Low cost, digital-ready
On 26 March, Siemens successfully completed the commissioning of the final stage of the North Wales Coast (NWC) Resignalling Programme, which features the company’s low cost, digital-readyLow Cost 150 signalling solution. The commissioning of the new signalling system forms part of a £50 million investment by Network Rail on the North Wales coast as part of its Railway Upgrade Plan.

Siemens’ solution has been developed specifically to allow rural and secondary lines such as NWC to be cost-effectively upgraded. Using templated designs, standardised plug-and-play equipment and off-site hangar testing, the system has at its heart simplicity of design and fast and efficient installation and delivers significant benefits for Network Rail, the rail operating companies, and ultimately, the passenger.

Although the low-cost signalling technology was proven, the cost and efficiency of the delivery process was not and the NWC programme was identified as an ideal project to monitor and assess this critical element of the overall solution. Now complete, the project has demonstrated more than 25 per cent saving in cost compared to a conventional solution, with the investment expected to generate a return within ten years on operational and maintenance costs alone.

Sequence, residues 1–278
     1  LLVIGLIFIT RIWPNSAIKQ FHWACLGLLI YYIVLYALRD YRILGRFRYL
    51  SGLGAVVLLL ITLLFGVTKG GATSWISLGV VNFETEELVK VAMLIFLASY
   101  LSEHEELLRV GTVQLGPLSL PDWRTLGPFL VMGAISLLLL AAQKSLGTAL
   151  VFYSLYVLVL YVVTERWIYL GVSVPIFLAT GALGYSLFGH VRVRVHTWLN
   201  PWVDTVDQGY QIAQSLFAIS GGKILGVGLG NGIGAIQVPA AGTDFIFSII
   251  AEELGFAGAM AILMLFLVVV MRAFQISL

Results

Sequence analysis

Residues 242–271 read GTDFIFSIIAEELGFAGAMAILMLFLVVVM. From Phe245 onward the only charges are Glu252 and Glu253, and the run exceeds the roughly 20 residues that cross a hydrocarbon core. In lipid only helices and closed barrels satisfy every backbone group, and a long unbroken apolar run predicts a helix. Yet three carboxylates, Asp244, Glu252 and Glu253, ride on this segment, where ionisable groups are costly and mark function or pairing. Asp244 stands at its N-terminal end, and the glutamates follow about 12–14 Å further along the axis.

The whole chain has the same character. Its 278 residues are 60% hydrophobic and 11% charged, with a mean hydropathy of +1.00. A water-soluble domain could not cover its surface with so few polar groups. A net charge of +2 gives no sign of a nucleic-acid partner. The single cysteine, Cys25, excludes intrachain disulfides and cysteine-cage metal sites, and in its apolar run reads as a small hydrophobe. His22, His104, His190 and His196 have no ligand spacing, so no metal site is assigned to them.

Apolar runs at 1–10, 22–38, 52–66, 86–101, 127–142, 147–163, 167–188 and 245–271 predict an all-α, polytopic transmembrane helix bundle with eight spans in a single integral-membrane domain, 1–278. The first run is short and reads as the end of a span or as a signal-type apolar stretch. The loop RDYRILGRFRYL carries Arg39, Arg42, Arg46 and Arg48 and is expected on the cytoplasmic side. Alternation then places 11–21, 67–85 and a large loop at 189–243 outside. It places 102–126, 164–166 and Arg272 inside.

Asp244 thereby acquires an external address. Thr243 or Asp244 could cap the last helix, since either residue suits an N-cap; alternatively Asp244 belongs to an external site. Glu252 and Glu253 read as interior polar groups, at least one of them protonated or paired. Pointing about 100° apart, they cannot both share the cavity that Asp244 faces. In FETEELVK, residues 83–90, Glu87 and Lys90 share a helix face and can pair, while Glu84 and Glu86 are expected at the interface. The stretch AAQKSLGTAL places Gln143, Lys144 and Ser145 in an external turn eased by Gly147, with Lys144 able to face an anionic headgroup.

Overseas venture
Keltbray Group has signed a memorandum of understanding with infrastructure development company Aecon in Canada with a view to developing a Joint Venture in pursuit of contract opportunities on major rail overhead line electrification works in Canada.

Overseas 150“Our rail overhead line electrification business continues to go from strength to strength, increasing turnover by 11 per cent in 2017. However, the immediate future of the UK rail electrification arena looks less certain, and whilst we will maintain our commitment and focus on the UK market, it is only sensible and prudent for us to consider markets overseas, which provide a greater degree of certainty in the medium term. Electrification is seen as a cornerstone in Canada’s drive to tackle climate change, and with our track record, we see Canada as a market with major opportunities for Keltbray,” explained Keltbray Group CEO, Brendan Kerr.

Station technology